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NEWPORT, R.I. - The Naval War College (NWC) completed its thirteenth advanced warfighting school class with the graduation of 27 students on September 8.
The Maritime Advanced Warfighting School (MAWS) is thirteen months long and provides officers in the ranks of lieutenant commander and major with planning knowledge and extensive skills in leadership and advanced war-fighting for follow-on assignments to operational planner billets.
NEWPORT, R.I. (September 8, 2010) Rear Adm. Phil Wisecup stands with the Maritime Advanced Warfighting School graduation class of 2010. (Photo by MCC (AW/NAC) Robert Inverso)The Navy offers this intensely specialized education so that officers can immediately step into critical operational planner billets, according to Capt. Pat Molenda, the MAWS Director.
“There are approximately 150 such specially-designated billets on operational staffs,” Molenda said. “In a 21st century of complicated threat and opportunity, joint, Navy component, and numbered fleet commanders increasingly require officers who are warfare proven, skilled in operational planning, and know how to apply maritime power effectively. Such skills are essential in an environment of exceptional speed and complexity—officers must develop them through practical experience built upon a solid educational foundation. MAWS is that foundation.”
This year's graduates were selected in spring 2009 and commenced studies in August 2009. The class included three Army Soldiers, 16 Navy officers, three Marines, one Coast Guardsman, and four Air Force Airmen.
“This has been a great year to meet people from each branch of the military and learn how the other Services function,” Coast Guard Lt. Cmdr. Mark Walsh said. “I’ve built relationships here which will last a lifetime and I’ve developed skills that will serve me well at my new command in Colorado Springs, Colorado.”
Other graduates applauded the high caliber of instruction and professionalism that they found at NWC.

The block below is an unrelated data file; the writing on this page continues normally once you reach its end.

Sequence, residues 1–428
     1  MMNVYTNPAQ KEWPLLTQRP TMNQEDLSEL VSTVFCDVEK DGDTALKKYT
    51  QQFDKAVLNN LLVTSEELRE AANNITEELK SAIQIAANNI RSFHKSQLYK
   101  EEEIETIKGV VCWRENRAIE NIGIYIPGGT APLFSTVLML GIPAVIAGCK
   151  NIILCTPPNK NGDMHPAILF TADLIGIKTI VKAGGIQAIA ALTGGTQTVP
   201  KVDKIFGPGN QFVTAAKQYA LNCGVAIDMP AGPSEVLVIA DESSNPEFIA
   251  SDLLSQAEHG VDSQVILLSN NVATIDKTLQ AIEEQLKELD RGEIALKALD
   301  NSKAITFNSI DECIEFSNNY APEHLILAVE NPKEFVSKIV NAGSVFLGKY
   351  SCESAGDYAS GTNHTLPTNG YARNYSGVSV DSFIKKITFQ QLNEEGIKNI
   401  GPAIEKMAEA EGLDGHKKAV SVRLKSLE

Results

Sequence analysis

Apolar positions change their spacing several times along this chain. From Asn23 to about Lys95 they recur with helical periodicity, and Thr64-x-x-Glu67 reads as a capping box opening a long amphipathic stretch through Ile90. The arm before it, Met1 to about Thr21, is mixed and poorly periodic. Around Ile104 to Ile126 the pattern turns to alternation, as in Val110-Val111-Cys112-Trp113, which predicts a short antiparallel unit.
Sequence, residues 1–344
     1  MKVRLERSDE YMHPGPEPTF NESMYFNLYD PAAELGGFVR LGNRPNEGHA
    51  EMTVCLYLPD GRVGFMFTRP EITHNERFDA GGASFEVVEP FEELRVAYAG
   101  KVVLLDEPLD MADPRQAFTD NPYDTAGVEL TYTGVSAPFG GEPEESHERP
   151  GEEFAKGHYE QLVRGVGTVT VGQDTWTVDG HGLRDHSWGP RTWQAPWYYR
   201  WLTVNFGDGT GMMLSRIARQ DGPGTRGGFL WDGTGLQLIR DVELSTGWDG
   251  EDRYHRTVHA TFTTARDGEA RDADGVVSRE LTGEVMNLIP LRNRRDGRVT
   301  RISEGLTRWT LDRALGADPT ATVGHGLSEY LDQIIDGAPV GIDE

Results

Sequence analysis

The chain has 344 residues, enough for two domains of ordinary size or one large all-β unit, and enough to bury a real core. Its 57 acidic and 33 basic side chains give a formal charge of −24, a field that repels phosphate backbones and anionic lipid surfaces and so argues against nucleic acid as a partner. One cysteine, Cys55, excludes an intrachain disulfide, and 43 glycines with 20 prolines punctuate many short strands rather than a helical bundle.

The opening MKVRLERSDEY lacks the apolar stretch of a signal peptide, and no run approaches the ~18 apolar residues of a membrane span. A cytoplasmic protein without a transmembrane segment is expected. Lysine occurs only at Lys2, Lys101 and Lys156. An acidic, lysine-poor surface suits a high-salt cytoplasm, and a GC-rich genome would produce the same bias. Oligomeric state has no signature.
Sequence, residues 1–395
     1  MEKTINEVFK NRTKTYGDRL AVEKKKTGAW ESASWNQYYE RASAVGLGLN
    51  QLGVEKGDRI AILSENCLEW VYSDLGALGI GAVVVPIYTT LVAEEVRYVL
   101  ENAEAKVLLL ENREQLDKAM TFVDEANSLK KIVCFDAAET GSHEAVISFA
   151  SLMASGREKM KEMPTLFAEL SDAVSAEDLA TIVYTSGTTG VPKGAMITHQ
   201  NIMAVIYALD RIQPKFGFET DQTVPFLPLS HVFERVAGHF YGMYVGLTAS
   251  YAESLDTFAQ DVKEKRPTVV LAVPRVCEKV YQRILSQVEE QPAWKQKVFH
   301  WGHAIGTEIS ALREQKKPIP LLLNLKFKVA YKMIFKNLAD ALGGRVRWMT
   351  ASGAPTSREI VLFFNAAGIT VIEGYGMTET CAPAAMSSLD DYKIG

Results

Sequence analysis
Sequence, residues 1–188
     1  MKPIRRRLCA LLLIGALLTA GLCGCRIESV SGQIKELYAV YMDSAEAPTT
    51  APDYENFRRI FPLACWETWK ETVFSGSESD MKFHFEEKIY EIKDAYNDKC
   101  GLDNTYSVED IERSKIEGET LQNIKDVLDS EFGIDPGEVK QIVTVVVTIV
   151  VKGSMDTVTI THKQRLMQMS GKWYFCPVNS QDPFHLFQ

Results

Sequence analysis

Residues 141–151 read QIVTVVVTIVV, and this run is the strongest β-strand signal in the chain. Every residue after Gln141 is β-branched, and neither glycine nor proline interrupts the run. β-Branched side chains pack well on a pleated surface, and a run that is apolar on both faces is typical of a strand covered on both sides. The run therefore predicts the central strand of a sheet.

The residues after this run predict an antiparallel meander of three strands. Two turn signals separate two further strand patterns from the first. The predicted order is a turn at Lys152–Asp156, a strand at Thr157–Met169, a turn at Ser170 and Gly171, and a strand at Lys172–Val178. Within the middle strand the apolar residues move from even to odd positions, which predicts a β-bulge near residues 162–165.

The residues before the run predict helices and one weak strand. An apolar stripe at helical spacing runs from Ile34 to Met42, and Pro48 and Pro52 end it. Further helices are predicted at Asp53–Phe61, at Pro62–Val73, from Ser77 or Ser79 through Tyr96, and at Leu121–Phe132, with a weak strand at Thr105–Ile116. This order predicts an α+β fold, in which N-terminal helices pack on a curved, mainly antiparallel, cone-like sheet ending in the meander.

“The MAWS experience has allowed me to make the transition from a tactical-level thinker to an operational-level thinker,” said Navy Lt. Cmdr. Ryan Anderson, whose next assignment will be in a combatant commander logistics position with STRATCOM J4. “The well-rounded instruction in logistics that I’ve received at the War College has prepared me thoroughly for new responsibilities.”
Maj. Mike Manning, who serves in the Rhode Island National Guard and is the first Army National Guard officer to complete the MAWS, found the experience to be uniquely motivating and satisfying.
“The Naval War College and MAWS has been a fantastic experience for me and my family. I’ve also had the opportunity to work alongside the best people I’ve ever met,” Manning said. “After graduation I’ll be back at the National Guard and serve as their legislative liaison and strategic planner.”
From August 2009 to June 2010, the students attended the Naval Command and Staff resident intermediate curriculum of National Security Decision Making, Strategy and Warfare, and a tailored 17-week trimester of Joint Maritime Operations. The students also completed three directed electives addressing Operational Art and Doctrine, Navy Planning Process in the Joint Force Maritime Component Commander (JFMCC) Environment, and Joint Force Commander Planning Considerations.
During the final three months of the program, the students developed and authored formal concept plans in direct support of two forward-deployed naval operational commanders.
MAWS graduates receive the Master of Arts degree in National Security and Strategic Studies, the Naval War College diploma, Joint Professional Military Education Phase I certification, and Qualification Designation as operational planners.
The Navy graduates represent the Naval Aviation, Information Operations, Intelligence, Submarine, Supply Corps, and Surface Warfare communities. Ten Navy graduates will proceed directly to operational planner billets; the other six will accomplish warfare community progression tours followed by operational planner assignments. The eleven non-Navy graduates will proceed to planner and warfare community tours as directed by their Chiefs of Service.
The twenty-seven graduates joined 195 officers (139 Navy and 56 from other Services) who graduated in the first twelve advanced warfighting school classes from 1999 through 2009. This growing cadre of leaders represents a new, multi-Service expertise in planning and execution of joint operations with naval emphasis.
MAWS class 2011, comprising twenty Navy and twelve other-Service officers, commenced studies in August 2010 and will graduate in September 2011.
From Maritime Advanced Warfighting School and Naval War College Public Affairs